Tuesday, 7 February 2017

Reggio-Inspired Spotlight: Simone Penner

Our February blog spotlight educator is Simone Penner. I actually met Simone on a Canadian study tour in Reggio-Emilia a number of years ago. I am so excited that she has been willing to share her story here. 

If you are interested in being featured on our blog, or know someone who should, please contact us at manitobarice@gmail.com. Please note, we are looking for educators at various points in their journey. We all have something to share.

About Myself...
I have been in the child care field since 1990 and during that time have seen many positive changes.  I was instrumental in implementing the emergent curriculum to a program who was implementing a theme based curriculum.  I then worked with senior administers at Balmoral Hall School to introduce one of a kind child care experience for 2-3-year-old girls. I have been the Director of BH Beginnings Child Care since it's conception in 2009.  The child care program is located in Balmoral Hall School, an independent day and boarding school for girls aged 2 years to grade 12.  The program is influenced by the Reggio Emilia pedagogy and I have been so fortunate to have attended a Canadian Study Group in Reggio Emilia, Italy as well as several NAREA conferences. 

Contact Information:
Simone Penner
Director BH Beginnings Child Care
Balmoral Hall School
630 Westminster Ave.
Winnipeg MB R3C 3S1
204-784-1600 ext 642
Instagram   BHbeginnings
Twitter @BHbeginnings

MB RICE: How and when did you become interested in RE?
Interestingly enough, prior to starting BH Beginnings Child Care in 2009, I was fully immersed in emergent curriculum.  I gained a passion for that while learning it with a student I was mentoring years prior.  She had an emergent curriculum project to complete and at the time we were a theme based program. 
When I interviewed for my current position as Director, I did some background research on Reggio Emilia. While I found it very interesting, with opening a new center I didn't really have a full appreciation of it until a few years later. I found I was then better prepared to really delve into the Reggio Emilia pedagogy and I began to study it in detail. In May of 2014, I had the extraordinary opportunity to attend a Canadian Study Group in Reggio Emilia, Italy. As you can imagine, being in the place where this philosophy was founded and seeing first hand Reggio Emilia centers and schools, I found a whole new appreciation their methods.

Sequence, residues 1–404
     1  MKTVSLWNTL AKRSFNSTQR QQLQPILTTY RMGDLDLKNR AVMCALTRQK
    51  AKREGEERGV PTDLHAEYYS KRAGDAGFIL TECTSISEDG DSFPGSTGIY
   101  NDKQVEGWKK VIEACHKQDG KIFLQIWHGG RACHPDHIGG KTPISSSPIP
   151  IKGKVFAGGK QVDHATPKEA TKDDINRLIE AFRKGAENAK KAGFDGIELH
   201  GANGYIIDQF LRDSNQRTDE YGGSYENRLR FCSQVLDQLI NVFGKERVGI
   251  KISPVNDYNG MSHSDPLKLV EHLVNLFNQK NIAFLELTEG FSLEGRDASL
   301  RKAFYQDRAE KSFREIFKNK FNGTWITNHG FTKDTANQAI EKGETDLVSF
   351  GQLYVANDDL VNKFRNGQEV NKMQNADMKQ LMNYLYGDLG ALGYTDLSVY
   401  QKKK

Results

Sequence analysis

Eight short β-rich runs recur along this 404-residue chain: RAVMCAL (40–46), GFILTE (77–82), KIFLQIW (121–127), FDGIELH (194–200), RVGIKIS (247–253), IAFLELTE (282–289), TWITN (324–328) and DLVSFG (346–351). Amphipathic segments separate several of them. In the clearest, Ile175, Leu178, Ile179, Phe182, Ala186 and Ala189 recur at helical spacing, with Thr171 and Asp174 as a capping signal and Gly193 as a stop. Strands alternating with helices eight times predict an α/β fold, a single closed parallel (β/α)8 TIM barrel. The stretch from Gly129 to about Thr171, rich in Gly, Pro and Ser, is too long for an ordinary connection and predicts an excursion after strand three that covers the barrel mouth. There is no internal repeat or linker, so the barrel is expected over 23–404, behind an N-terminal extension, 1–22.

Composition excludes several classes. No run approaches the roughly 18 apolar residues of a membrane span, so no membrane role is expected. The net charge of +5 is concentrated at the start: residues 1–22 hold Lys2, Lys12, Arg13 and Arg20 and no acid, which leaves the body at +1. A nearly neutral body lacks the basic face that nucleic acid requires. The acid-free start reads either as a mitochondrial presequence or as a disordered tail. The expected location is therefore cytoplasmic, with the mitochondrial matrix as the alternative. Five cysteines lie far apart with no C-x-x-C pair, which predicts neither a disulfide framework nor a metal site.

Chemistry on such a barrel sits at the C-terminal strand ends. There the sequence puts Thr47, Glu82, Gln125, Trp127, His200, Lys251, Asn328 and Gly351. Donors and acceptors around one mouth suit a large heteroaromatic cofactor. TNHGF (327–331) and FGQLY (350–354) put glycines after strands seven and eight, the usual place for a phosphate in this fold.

MBRICE: What are your favourite aspects of the philosophy?
I really appreciate the belief that children are capable.  It sounds so simple but when I looked at my program and broke it down, I realized that we could be allowing the children much more freedom to explore. Although we had always encouraged independence, we had to change our mindset to allow the children even more opportunities to be independent. A very simple example of this is the time a teacher needed to put left over oranges as well as a half jug of milk in the fridge in the other room.  As he stood trying to gain the attention of an educator, I asked if he needed the items to go in the fridge. I suggested he give the oranges and milk to two 3 year old children who were close by and ask them to put them in the fridge. Of course, they were easily able to accomplish this task and they were so proud to have done it. This illustrates what I mean by changing our mindset to see the children as capable. 
Another aspect of the RE philosophy would have to be the collaboration that takes place between the educators. Everyone has an opinion and everyone has value. When we put our opinions and ideas together the possibilities are limitless. We have to learn to listen to each other and accept their feedback and opinions in a non-defensive manner. Just because someone has a differing opinion or idea, does not mean they disagree with you or think you have no value, it means they are an individual with their own creative mind.